Chapter 2: The OSI Model

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23 Οκτ 2013 (πριν από 3 χρόνια και 5 μήνες)

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University of the Western Cape

Chapter 2: The OSI Model

Aleksandar Radovanovic

University of the Western Cape

Network Communication


The most basic level of computer information consists of binary digits, or bits (0s
(zeros) and 1s).


In order for computers to send information through a network, all communications
on a network originate at a source and then travel to a destination.


Computers that send one or two bits of information, however, would not be very
useful. Other groupings, bytes, kilobytes, megabytes, and gigabytes are therefore
necessary.


In order for data packets to travel from a source to a destination on a network, it is
important that all the devices on the network speak the same language or protocol.

University of the Western Cape

OSI Reference Model

The OSI reference model, released in 1984 by International
Organization for Standardization (ISO) is the primary
model for network communications.




It breaks network communication into smaller parts to
make it easier to understand.



It standardizes network components to allow multiple
-
vendor development and support.



It allows different types of network hardware and
software to communicate with each other.



It prevents changes in one layer from affecting the other
layers, so that they can develop more quickly.


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The 7 Layers of the OSI Model

University of the Western Cape

Encapsulation

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Peer
-
to
-
Peer Communications


Communication between the same OSI reference model layer in two
different network devices


During this process, the protocol of each layer exchanges information,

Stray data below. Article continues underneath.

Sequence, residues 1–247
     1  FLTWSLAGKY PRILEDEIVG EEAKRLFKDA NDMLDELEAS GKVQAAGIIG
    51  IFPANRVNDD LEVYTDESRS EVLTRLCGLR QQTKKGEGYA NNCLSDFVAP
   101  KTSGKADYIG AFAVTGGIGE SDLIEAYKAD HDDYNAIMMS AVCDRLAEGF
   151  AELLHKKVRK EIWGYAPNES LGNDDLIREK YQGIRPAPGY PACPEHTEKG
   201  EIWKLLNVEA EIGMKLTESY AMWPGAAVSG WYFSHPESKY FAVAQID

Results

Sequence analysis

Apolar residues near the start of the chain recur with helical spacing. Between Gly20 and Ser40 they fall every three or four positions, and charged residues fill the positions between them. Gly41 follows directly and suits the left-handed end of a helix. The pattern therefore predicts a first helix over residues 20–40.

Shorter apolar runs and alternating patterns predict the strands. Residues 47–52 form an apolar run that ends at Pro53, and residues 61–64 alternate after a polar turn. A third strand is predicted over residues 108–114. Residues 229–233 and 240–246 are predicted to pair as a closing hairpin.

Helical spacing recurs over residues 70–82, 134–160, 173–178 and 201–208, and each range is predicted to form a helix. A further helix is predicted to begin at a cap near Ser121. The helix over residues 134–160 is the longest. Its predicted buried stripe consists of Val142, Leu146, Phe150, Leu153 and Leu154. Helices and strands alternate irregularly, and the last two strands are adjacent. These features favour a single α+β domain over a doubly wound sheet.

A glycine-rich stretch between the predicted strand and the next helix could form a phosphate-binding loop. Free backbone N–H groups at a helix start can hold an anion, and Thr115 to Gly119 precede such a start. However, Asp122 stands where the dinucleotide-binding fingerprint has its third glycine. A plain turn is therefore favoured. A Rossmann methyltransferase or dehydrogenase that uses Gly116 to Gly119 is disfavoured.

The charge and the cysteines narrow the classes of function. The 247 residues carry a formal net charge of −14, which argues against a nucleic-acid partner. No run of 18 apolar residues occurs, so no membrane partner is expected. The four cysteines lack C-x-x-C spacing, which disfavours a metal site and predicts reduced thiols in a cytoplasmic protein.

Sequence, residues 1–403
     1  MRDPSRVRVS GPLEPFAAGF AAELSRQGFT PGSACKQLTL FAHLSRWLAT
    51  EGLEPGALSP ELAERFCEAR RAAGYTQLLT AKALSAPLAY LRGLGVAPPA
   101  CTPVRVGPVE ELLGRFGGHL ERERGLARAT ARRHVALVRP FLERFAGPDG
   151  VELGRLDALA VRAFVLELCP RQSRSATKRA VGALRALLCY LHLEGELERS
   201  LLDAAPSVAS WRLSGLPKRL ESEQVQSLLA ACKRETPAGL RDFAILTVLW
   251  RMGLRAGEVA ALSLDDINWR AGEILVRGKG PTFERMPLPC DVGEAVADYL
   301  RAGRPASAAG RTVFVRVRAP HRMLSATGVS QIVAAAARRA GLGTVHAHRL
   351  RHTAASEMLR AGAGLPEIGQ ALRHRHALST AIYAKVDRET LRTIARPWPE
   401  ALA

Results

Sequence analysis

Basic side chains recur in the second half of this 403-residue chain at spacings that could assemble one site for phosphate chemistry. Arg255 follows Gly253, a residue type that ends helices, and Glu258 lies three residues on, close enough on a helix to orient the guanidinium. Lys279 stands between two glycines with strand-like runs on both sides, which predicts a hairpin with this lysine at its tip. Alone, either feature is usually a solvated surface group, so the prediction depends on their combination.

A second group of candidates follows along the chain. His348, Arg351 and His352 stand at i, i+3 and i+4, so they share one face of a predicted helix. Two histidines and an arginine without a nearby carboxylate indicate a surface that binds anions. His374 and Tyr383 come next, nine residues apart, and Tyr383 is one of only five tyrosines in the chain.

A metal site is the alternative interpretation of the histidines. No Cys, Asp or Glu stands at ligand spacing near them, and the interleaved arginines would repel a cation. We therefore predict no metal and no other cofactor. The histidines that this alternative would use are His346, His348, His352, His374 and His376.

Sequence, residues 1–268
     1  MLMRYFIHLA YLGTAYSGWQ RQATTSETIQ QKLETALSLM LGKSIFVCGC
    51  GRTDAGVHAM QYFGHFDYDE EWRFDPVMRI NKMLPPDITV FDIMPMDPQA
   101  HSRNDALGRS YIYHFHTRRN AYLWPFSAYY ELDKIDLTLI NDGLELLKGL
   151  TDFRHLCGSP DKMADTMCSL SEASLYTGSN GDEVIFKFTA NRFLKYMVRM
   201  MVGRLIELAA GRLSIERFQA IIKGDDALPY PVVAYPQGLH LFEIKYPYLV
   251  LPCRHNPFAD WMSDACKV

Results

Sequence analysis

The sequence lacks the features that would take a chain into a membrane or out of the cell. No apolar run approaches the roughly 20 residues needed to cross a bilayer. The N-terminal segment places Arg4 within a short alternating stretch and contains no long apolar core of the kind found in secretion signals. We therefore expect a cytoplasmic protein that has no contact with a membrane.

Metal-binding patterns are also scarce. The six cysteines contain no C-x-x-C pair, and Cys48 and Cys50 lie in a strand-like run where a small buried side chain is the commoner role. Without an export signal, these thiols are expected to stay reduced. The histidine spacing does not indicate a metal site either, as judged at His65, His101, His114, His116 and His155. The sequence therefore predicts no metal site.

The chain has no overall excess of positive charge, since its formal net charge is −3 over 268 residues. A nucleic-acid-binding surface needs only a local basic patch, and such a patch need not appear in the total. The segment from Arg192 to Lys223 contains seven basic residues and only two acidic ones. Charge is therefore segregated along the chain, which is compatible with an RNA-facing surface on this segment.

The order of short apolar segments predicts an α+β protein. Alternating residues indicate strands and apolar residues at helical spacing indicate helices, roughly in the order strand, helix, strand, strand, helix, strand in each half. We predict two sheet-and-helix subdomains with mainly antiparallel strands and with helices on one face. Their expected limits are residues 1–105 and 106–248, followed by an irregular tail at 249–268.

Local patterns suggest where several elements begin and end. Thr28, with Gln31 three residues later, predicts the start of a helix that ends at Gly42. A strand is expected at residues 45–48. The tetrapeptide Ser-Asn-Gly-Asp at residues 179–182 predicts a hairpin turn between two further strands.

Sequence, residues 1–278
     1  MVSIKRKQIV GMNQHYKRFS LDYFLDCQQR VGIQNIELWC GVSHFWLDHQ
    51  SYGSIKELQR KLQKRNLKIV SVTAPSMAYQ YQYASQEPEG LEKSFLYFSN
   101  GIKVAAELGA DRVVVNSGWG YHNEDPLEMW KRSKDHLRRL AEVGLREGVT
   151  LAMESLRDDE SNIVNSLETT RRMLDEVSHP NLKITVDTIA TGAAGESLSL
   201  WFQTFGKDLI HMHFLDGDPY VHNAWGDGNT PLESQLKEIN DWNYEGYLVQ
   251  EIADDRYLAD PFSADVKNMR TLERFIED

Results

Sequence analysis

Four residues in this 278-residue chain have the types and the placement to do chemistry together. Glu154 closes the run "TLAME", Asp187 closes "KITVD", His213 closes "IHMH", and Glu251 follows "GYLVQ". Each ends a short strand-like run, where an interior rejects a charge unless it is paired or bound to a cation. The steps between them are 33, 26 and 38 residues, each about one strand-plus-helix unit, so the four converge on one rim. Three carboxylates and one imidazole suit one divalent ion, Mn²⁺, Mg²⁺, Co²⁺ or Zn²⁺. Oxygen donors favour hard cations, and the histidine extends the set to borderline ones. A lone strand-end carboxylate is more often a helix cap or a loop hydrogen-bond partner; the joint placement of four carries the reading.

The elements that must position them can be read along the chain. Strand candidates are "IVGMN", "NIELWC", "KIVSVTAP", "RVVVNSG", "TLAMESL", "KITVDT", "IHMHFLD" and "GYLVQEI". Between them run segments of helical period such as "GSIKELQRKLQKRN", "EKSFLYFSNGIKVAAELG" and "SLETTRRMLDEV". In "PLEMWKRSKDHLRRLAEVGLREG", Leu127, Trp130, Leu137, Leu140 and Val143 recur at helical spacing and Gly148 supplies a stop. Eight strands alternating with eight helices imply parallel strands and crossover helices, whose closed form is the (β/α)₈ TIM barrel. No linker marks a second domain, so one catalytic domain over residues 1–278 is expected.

called protocol data units (PDUs), between peer layers.

University of the Western Cape

The TCP/IP Reference Model

Application layer handles high level protocols,
issues of representation, encoding, and dialog
control.


The transport layer deals with the quality of
service issues of reliability, flow control, and
error correction.

The purpose of the internet layer is to
send packets and have them arrive at the
destination.

Network Access Layer includes the LAN
and WAN technology details.

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Similarities



Both have layers


Both have application layers, though they include very different services


Both have comparable transport and network layers


Packet
-
switched (not circuit
-
switched) technology is assumed


Differences



TCP/IP combines the presentation and session layer issues into its application layer


TCP/IP combines the OSI data link and physical layers into one layer


TCP/IP appears simpler because it has fewer layers, however this is a misconception.


The OSI reference model, with its less complex and multiple layers, is simpler to develop


TCP/IP protocols are the standards around which the Internet developed




typically networks are not built on the OSI protocol.

Comparison of the OSI and the TCP/IP model

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Labs



2.3.4

(homework)
In this lab, you will learn to relate the seven layers
of the OSI model to the four layers of the TCP/IP model as well as name
the primary TCP/IP protocols and utilities that operate at each layer.


2.3.5

(homework)

In this lab, you will identify the characteristics of
each layer as well as the terminology and physical devices that operate at
each layer.



Interactive Labs:



2.3.5

(homework)

Test your knowledge of the functions of the OSI
Model layers.